The smallest rocky planet ever spotted outside Earth’s solar system has been found by the Kepler observatory, the US space agency said Monday.
The planet called Kepler—10b is the first Earth—sized planet confirmed found by Kepler, which was launched in 2009 to find small planets orbiting distant stars. It is about 1.4 times the size of Earth, according to data gathered during eight months of observations, NASA said.
The newly discovered planet, however, is too close to its sun to harbour life, scientists said.
“The discovery of Kepler—10b is a significant milestone in the search for planets similar to our own,” said Douglas Hudgins, Kepler programme scientist at NASA. “Although this planet is not in the habitable zone, the exciting find showcases the kinds of discoveries made possible by the mission and the promise of many more to come.” The Kepler mission is designed to discover other Earth-like planets in the Milky Way galaxy, but for those planets to be capable of harbouring life, they must be located in what scientists dub the “Goldilocks” zone — neither too hot nor too cold.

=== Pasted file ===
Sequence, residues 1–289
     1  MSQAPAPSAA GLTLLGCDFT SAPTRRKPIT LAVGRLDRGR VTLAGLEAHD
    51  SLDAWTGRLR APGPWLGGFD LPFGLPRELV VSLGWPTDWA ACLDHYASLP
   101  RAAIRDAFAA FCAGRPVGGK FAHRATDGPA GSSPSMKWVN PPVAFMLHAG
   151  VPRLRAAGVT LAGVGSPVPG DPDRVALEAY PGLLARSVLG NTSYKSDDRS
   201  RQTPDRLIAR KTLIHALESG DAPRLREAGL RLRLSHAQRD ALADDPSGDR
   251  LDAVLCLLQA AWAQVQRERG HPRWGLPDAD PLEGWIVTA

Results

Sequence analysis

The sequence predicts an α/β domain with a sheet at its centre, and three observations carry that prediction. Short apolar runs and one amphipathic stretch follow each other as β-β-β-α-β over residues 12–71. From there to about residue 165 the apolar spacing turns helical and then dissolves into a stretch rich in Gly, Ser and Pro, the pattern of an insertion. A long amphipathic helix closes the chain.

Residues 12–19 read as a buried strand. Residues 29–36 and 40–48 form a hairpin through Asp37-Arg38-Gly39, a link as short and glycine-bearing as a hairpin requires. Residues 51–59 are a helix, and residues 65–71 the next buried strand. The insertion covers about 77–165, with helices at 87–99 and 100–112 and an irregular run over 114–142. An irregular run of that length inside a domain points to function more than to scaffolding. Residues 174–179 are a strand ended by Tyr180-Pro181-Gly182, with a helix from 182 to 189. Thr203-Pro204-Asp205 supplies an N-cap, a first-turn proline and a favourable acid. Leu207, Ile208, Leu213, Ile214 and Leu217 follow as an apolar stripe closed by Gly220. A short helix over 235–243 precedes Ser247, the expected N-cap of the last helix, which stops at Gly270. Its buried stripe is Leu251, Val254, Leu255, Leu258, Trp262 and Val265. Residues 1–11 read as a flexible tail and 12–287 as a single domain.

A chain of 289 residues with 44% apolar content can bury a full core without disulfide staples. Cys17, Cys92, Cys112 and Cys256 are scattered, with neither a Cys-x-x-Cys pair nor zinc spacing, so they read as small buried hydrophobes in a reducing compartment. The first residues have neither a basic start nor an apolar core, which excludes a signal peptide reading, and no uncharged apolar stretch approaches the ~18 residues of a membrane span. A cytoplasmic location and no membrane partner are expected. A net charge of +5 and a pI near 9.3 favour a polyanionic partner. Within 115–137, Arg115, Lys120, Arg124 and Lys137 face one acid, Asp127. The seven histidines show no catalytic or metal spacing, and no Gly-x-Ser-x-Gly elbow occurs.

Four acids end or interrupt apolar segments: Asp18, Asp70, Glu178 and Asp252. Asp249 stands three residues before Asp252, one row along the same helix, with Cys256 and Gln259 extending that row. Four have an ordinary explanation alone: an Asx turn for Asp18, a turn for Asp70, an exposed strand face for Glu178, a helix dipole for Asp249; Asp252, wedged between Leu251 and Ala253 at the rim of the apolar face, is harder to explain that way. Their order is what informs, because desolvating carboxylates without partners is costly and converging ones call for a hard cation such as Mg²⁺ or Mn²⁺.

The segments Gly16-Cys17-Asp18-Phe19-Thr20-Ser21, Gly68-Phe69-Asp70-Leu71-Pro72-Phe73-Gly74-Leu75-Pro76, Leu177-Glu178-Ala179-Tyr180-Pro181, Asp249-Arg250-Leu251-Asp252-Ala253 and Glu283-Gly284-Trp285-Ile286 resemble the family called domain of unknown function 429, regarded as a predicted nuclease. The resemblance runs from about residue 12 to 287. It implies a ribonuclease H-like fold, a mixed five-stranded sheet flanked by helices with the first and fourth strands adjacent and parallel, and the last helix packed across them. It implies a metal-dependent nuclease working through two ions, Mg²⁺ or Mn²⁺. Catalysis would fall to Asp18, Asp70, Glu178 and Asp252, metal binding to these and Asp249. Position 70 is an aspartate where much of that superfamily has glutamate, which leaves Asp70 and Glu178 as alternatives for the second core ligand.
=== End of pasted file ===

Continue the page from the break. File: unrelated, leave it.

Last year, Kepler scientists reported the discovery of a small planetary system orbiting another star, a first for the orbiting telescope. It might also include a small, rocky planet orbiting near its sun.
The Kepler space telescope is finely tuned enough to detect Earth— sized planets orbiting distant stars. The 590—million—dollar telescope programme is to spend at least the next three and a half years pointed at a large swath of the Milky Way galaxy, which contains about 4.5 million stars.
The most advanced cameras ever used in space are focussing on 100,000 to 150,000 stars deemed most likely to have orbiting planets, scientists said at a prelaunch press briefing. Data from the cameras are to be used to find planets by looking for distortions in the light being emitted as an orbiting planet crosses in front of the star.